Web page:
Most writers hate synopsizing. There’s a meat-grinder aspect to the process of cutting your novel down to its essentials and yet not losing the spirit of the thing. (Constructing a synopsis also has a tendency to reveal the smallest structure flaw or missing character motivation in your novel – which is always discouraging if you think you’re done writing it.) Writing/publishing blogs and guides suggest a synopsis should be no more than 2 pages and should only refer to the 3-4 most important characters by name. As soon as you sit down that seems impossible. But I can't leave out the part about the car accident...and then there's the old lady -- she's an important character... And before you know it you have 4 pages of explanation rather than synopsis and your prized work sounds like the trashiest trash since Harold Robbins. (Wow, that reference really dates me.)
Having said all this, I have found a method of synopsizing which works for me and I thought I would share it. I use an Excel spreadsheet but you could do it longhand as well.
The first column I make is called “What Happens.” Under it, for each chapter, I note only the biggest event(s). I keep this very short – not even full sentences. For Part 3 of How to See the Elephant, the entire “What Happens” column reads:
T. crosses PA, OH with Sheba. Changes mind about S. Convinces S. to go on.
Part 3 is actually fairly long and has quite a bit of adventure. But that’s not what I’m trying to set down at this point. I’m trying to focus on the most important thing in Part 3, the event that underlies all the drama – and that’s the changing relationship between Thetis and Sheba.
The next column is “Drama.” Here I number the particular events and points of conflict in the chapter – basically what keeps the reader interested. For Part 3 I broke this down to:
1. T. decides to take S. for selfish reasons.
2. Conflict at Altoona and on train.
3. T. decides to abandon S.
4. Convent. S. defends self. T. dislikes but begins to respect.
5. Rejected. Peddler, Josiah, Cincinnati
6. Disappointment in C. S. breakdown. George. T. convinces S. to go on.
7. Boat to Louisville.
This pegs out for me the most important events, but even so it’s probably a little more detailed than it should be. That’s OK – I’ll make the decision on what to include/not include when I do the final column. Now, this is where it can get tricky. You may not use all the points you just listed. Likewise, you may want to introduce some introductory information. You may rewrite it a couple of times, moving stuff in and out. But keep it short and simple and stick to what you've outlined. When I come to actually write the sentences, I usually attach each one (or part of one) to the pertinent conflict point in the previous column. The final column for Part 3 is below. I've put the points from the previous column in brackets. Notice that I didn't end up using 1 and 2. I decided that neither was important enough to go in.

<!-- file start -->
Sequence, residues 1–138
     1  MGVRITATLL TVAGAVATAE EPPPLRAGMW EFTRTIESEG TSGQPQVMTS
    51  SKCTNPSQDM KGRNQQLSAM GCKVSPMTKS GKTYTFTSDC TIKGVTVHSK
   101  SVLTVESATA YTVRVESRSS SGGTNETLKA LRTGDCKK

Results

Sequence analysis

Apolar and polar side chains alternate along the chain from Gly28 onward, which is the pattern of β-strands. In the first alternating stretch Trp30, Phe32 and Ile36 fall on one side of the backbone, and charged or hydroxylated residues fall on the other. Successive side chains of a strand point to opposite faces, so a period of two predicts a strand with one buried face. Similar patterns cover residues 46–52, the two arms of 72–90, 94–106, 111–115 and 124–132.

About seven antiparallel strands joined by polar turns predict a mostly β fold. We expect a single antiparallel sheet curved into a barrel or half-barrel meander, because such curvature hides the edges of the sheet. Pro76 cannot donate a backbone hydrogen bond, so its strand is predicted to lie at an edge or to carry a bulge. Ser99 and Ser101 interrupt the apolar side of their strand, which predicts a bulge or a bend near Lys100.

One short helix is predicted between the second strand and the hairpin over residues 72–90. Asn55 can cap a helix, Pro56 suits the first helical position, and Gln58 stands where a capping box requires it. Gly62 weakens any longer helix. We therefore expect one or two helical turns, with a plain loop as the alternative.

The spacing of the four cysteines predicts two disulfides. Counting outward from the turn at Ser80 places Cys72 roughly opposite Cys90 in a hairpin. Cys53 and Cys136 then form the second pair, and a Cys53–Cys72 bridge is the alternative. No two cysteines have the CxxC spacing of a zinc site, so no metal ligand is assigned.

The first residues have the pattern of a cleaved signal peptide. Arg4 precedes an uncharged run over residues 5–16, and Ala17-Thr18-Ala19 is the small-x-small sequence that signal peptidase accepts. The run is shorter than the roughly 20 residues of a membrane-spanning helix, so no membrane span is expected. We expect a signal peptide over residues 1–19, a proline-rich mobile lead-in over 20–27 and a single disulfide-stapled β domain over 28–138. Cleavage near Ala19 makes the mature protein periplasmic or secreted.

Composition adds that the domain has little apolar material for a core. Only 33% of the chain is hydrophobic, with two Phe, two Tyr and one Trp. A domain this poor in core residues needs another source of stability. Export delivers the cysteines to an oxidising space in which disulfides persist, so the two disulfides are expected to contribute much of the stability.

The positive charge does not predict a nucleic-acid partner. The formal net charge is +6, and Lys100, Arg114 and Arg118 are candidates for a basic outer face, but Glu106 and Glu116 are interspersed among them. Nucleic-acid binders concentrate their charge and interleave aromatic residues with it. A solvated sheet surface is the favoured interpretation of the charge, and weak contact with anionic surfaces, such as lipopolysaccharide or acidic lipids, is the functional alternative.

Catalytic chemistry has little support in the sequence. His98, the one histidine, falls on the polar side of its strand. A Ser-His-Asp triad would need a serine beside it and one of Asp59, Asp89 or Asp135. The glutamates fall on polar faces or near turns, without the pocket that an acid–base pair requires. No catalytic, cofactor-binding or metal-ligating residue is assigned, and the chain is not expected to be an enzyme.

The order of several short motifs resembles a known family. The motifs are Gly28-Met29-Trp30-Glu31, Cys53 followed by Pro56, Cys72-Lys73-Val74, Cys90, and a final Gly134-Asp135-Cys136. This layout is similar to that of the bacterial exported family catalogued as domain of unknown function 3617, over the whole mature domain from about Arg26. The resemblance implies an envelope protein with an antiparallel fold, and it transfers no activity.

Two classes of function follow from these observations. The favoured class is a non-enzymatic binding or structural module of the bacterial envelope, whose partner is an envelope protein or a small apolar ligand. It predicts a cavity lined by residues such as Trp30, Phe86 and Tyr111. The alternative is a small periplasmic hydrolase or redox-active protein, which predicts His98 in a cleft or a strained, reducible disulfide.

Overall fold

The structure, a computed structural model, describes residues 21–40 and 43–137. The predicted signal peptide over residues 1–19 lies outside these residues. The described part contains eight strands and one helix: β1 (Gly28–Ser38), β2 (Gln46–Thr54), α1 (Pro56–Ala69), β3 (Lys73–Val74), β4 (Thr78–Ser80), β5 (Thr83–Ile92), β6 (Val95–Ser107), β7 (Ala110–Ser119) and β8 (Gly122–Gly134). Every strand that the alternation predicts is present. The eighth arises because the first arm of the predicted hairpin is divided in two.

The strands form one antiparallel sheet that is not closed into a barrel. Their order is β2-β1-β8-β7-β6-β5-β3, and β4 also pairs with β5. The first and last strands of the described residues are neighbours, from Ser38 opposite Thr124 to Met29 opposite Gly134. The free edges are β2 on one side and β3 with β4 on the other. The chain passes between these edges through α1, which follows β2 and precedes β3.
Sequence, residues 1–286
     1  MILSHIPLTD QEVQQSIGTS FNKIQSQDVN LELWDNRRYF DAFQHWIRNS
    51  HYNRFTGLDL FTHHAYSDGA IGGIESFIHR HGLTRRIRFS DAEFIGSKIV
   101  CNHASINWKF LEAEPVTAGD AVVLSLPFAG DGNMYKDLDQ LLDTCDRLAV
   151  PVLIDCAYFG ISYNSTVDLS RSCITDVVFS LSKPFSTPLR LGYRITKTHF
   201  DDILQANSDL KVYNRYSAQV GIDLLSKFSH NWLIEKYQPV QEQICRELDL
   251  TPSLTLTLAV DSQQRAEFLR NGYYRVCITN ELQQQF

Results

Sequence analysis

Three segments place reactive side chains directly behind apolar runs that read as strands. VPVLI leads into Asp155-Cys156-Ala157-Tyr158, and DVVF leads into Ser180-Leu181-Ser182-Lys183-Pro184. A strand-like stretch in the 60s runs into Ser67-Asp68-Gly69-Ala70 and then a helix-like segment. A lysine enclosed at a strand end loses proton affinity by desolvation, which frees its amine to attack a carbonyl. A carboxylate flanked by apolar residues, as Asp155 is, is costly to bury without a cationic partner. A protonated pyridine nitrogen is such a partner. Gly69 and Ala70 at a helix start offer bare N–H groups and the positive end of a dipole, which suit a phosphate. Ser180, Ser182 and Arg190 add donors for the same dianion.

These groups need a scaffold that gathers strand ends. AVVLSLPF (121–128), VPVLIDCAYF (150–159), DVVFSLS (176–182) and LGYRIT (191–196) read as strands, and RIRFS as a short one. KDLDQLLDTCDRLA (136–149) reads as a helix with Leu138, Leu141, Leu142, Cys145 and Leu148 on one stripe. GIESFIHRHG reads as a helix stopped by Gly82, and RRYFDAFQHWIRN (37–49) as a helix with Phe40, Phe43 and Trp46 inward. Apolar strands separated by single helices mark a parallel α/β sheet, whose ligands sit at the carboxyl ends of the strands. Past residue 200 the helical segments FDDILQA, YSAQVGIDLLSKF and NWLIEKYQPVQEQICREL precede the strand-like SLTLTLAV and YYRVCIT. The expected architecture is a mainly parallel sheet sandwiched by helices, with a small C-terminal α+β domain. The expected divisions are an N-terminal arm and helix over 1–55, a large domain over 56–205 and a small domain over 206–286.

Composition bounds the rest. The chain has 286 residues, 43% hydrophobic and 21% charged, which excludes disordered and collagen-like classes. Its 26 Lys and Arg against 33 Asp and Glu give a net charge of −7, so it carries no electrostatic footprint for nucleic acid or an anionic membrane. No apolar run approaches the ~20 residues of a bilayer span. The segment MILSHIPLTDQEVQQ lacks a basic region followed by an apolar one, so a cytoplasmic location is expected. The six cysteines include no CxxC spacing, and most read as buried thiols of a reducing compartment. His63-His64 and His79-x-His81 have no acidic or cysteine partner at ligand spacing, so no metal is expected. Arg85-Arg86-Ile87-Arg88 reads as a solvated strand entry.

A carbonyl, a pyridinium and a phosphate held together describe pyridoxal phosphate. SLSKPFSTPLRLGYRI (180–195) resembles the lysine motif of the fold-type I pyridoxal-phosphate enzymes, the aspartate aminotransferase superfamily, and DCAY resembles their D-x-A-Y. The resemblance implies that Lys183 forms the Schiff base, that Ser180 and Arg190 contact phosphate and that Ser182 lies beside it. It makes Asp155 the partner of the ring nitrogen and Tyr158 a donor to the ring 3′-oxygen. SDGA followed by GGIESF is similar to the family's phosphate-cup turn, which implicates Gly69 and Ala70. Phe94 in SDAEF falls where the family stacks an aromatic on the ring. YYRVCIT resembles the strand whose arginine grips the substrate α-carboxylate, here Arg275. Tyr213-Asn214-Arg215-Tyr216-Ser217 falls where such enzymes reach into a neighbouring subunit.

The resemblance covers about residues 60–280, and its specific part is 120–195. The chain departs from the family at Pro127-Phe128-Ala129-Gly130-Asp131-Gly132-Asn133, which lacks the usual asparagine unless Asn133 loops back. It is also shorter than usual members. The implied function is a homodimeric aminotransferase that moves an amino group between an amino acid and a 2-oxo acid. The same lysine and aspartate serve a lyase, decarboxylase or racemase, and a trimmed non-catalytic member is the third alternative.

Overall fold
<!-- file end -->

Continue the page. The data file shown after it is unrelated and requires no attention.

“The two girls flee from Delaware to Ohio by train and on foot. Thetis wants to find her father, while Sheba, who has no experience of the world, simply wants to get away from Miss Veda. Sheba attracts attention everywhere for refusal to be treated differently from Thetis. Thetis, who finds Sheba spoiled and insufferable, decides to abandon her as soon as she decently can.  Travelling across Ohio over four days the two girls sleep out in the open, ride with a peddler, outrage the laws of hospitality and are nearly shot for chicken thieves. [4-5] A tense partnership emerges, with Thetis respecting Sheba while still not liking her.  In Cincinnati, where Thetis had hoped to get help, no riverboats are running and Louisville is rumored to be under Confederate attack. Sheba breaks down but Thetis persuades her the only thing she can do now is to go on.  The two girls find a boatman to take them downriver to Louisville, which is under military rule. ”
The above lines condense 21, 686 words and balance the underlying theme of the chapter with the actual events. Even so, I will rewrite it as it goes into the final document, condensing some of the longer sentences and redundancies and giving it a narrative flow. Ultimately, using this method, the synopsis for How to See the Elephant was under two pages and mentioned only the 4 most important characters.
I think the key here is keeping an eye on the bigger theme of the novel (in this case, what the two girls learn from each other) while not leaving out the smaller events (the ups and downs of the journey) which hold the reader’s attention. This method helps me find that balance. I thought I’d share it in case it helps somebody else.